The Pack Report

Leader of the Pack Podcast Summary: Master in the Radio Industry, Marty Meldahl

On this episode of Leader of the Pack, Tom has a virtual sit-down with Duluth local Marty Meldahl, a master in the radio industry, discussing the evolution of broadcasting and the development of podcasting. Marty shares with host Tom Sega about his early beginnings, the transitions in his career that have brought him to where he is today, and so graciously and transparently shares about the biggest hurdle he has battled so far – a cancer diagnosis in February of 2021. So, Duluth Pack friends, buckle up and prepare to be inspired.  

Background on Marty Meldahl 

Marty begins the conversation by stating that he was born and raised in Duluth but traveled around the Midwest before settling back in Duluth later in life. He jokingly tells Tom, “When you’re born in Duluth, you do everything possible to get out of Duluth, and while you might succeed, you’ll end up back here eventually because you need to live where you love to be.” At 13, Marty fell in love with radio and broadcasting at a young age. He would wake up every morning and listen to AM radio, captivated by every minute of it. Finally, he realized that he had a calling for radio and decided to pursue his dream.  

Marty’s Career in the Radio Industry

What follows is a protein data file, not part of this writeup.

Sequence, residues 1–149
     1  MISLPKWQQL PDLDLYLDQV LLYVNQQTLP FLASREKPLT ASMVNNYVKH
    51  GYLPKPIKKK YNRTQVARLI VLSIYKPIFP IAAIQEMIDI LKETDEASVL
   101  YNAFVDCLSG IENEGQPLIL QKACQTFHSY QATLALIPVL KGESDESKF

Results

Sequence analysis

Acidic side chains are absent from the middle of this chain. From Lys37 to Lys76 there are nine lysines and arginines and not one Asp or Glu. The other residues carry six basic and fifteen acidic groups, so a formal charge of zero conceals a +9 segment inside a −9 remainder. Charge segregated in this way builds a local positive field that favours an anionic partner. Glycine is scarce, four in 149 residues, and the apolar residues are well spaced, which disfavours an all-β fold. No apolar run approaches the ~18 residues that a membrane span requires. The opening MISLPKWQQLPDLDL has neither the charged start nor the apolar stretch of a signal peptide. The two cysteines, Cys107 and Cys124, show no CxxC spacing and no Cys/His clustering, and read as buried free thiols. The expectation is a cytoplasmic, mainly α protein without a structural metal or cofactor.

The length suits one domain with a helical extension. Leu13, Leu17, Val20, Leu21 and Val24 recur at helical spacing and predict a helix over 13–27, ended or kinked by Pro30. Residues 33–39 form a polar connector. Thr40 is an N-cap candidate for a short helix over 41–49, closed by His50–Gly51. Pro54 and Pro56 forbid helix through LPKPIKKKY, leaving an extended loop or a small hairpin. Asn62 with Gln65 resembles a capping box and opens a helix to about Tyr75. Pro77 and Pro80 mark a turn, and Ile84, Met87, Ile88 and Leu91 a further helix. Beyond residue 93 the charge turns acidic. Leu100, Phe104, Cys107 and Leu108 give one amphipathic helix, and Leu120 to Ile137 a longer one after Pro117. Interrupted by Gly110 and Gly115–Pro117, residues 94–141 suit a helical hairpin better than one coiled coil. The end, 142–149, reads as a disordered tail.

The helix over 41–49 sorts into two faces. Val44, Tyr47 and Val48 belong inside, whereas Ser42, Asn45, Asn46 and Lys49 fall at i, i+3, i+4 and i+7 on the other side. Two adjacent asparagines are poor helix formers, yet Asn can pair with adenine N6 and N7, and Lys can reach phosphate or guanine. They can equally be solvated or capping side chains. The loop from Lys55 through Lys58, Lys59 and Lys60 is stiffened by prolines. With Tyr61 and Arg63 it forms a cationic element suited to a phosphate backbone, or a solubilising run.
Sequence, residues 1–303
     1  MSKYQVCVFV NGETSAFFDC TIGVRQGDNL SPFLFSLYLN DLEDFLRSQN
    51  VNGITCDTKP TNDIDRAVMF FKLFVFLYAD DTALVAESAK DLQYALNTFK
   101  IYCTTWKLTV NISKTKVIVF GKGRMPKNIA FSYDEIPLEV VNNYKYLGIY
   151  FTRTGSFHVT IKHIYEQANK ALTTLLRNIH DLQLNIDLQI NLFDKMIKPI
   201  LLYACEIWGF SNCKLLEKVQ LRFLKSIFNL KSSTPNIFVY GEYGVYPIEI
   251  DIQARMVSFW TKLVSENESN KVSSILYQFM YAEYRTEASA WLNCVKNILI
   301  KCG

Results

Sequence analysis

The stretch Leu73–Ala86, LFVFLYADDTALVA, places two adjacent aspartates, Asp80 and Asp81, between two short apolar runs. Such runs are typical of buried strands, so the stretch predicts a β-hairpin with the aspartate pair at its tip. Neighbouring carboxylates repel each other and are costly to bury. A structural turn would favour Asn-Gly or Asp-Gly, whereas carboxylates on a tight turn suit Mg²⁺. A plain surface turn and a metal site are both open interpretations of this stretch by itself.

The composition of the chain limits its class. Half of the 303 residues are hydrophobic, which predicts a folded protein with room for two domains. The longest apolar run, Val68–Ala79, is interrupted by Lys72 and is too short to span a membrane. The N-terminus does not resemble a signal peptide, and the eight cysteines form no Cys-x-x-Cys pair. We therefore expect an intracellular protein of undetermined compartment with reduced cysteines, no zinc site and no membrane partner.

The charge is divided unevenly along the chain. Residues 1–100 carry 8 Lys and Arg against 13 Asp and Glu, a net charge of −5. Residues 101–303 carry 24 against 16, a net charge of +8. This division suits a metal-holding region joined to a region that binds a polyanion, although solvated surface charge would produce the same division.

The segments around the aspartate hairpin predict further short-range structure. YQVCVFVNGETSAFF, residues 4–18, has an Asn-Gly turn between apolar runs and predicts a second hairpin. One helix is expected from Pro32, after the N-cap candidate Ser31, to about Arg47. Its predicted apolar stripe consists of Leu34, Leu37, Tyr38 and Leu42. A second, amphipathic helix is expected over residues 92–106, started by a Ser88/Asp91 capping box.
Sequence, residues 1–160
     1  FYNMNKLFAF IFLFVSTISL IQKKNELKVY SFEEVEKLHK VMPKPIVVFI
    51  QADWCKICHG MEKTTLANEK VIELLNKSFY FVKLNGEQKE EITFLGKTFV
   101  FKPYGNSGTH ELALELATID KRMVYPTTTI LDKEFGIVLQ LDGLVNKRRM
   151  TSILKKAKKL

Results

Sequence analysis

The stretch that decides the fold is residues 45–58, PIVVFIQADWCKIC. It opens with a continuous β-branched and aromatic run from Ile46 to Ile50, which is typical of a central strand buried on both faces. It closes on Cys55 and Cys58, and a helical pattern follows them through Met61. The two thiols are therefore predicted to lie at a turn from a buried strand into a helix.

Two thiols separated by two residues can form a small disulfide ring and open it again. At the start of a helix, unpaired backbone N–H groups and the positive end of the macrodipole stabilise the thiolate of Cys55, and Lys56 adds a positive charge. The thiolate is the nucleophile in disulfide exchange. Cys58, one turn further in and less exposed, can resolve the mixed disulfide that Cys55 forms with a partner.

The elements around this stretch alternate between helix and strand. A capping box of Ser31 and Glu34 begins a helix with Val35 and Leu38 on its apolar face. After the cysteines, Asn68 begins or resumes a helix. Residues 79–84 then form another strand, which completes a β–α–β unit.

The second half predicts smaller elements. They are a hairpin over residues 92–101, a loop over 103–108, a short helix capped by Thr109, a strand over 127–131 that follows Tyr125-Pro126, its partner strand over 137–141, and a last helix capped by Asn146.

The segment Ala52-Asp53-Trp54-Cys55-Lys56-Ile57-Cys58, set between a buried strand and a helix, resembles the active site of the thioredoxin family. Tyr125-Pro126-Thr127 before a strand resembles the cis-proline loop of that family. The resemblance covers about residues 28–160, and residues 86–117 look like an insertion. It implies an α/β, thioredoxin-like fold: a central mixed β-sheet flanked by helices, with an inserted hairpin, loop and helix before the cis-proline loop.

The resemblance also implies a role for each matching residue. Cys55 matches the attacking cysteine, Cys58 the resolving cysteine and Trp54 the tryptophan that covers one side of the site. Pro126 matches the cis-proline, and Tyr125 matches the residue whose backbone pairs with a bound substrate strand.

Marty started his radio career working at Beautiful Music Station (KPIR), which is now 98.9 to local Duluthians. He would work many overnight shifts “spinning tunes all night” after attending a VOTEC college. He described the scene as a room full of vinyl with two turntables going at a time. He tells Tom that he felt inspired by having a medium he can use to connect with people he’s never met before, whether that be about music or life. He could only explain this feeling as falling in love with being on the air. This feeling lingered with Marty for the rest of his career in the radio industry. Tom asks Marty what the most glaring changes he has seen when he started his career and what the radio meant to people back then versus today. Marty explains that back then, he had a lot more freedom and wiggle room to “take it over the edge” and jokingly says that his promotion budget was based solely on how many lawsuits he had against him. More specifically, he was supposed to have five active lawsuits against him to know he was doing a good job. He continues by explaining that nowadays, lawyers have control over everything, and it is vital not to offend anybody on the air. When Marty first started, ratings were based on going over the edge without worrying who was going to call and who was going to send their lawyers. It was about having fun and entertaining. The most glaring change he has seen in the radio industry is that it’s lost its spontaneity. Switching things up, Tom asks Marty what his most gratifying role was throughout his career in radio. He responds, “The thing I loved to do the most was hosting the morning show. That was a hoot. I’m a morning person, and that’s when my energy level is up, and I could just get in there and do anything I wanted to do.”